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    Warning, rant ahead. I’m very excited about Gleam and I think it’s a fantastic idea. I think there are scenarios where having static types could be a boon for people using BEAM. Below is me throwing a fit about syntax so if that’s not your thing just ignore it :).

    I don’t really understand why people use ML style programming, with ML style constructs, with C style syntax. You aren’t making it easier for people who know C, the hard part is learning the paradigms not the syntax. You are making it harder for me to port over code I’ve written in other languages that are actually similar in paradigm. If I actually end up using this I’ll probably just write like a syntax translator from ML style to this. It’s very frustrating to have people consistently reinventing the wheel when the original syntax is fine. Small tweaks are one thing but it’s like if I wrote a C# clone with lisp syntax. The syntax does nothing to serve the actual usage of the language.

    In the end I’ll probably just use Alpaca instead, which doesn’t try to be clever.


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      Hi, I’m the author of Gleam. I’ve heard this a few times and I’d like to say that just like Alpaca Gleam is explicitly not trying to be an ML language. It is inspired by ML but it is also just as inspired by Rust, Erlang, and a variety of other languages.

      Gleam has several differences compared to ML that I think make it unsuited to ML syntax, the most obvious one being that it does not have automatic currying or partial application.

      Personally I’m less interested in syntax and am happy with both ML and C family style syntaxes (mildly preferring ML), but from looking at ReasonML and mentoring beginner programmers I do think that familiarity goes a long way to making a language approachable. Gleam aims to be friendly and welcoming to people of all experiences and backgrounds, and my working theory is that C style syntax is less of a barrier to entry.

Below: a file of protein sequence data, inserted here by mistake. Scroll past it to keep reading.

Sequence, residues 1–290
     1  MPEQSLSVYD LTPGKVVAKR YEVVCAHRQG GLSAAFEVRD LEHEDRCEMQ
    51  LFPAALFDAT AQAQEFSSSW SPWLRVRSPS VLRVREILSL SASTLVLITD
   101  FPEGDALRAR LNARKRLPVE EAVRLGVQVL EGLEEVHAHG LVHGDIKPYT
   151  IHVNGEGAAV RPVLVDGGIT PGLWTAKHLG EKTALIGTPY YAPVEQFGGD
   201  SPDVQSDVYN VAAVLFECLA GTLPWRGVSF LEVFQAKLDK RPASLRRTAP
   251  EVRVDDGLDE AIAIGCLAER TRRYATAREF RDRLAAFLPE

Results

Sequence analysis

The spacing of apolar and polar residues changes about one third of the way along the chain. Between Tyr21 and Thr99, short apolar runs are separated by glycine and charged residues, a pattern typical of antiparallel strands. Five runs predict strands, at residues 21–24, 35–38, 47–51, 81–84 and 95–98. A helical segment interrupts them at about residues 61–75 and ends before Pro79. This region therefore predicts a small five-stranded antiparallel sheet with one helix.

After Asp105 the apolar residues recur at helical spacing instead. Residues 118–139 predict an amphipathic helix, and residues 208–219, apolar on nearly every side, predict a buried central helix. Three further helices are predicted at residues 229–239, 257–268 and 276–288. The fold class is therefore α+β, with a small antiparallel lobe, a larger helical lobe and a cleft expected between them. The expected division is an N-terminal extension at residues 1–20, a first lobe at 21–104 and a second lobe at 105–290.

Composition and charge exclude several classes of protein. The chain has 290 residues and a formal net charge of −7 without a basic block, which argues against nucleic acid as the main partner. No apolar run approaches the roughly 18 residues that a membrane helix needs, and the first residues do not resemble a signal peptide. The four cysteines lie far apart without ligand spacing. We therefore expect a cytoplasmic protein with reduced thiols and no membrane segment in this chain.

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        OK I’ll bite… I think Reason was a good idea because OCaml’s syntax was a significant barrier to me using it (after using 10+ languages and knowing 5 quite well.)

        I wrote a fair bit of OCaml around 5 years ago, and I didn’t have problems with the syntax then, while it was fresh. Now I encounter it in research papers all the time and I can’t read it :-/ To be fair it’s a pretty big language and there are definitely parts of it I didn’t learn.

        I think they make some good critiques here:



        Syntax is obviously personal, but it obviously matters too :)

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          They’re doing it because developers have an irrational love of and hatred toward various syntax. The industrial languages with the most adoption kept a C-like syntax for this reason. Probably wise for others to do the same if pulling in programmers using languages like that. If aiming for ML programmers, use ML-like syntax.

          Personally, I’ve argued for new languages to have multiple syntax with the same or similar semantics. Plus, converters for them. Then, people can just use the syntax they prefer. They pull in the source, the converters shift the syntax to their preference, they do their contributions, and submit with others’ converters doing same for them.

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            I’ve thought about syntax converters when I’ve come across minor annoyances in syntax, but I can’t imagine that it would be well received in an industrial language. Look at gofmt’s standardization on basic formatting. Additionally, if the secondary syntax was third party created, I can imagine the temptation would be to avoid certain patterns or features in the base language thereby producing a semantically new language.

            Still it might be nice for minor changes. E.g., if you prefer english language keywords (begin, end, not, and, or, etc.) vs punctuation keywords ({, }, &&, ||, !, etc.), then simple manual transformation wouldn’t be too bad.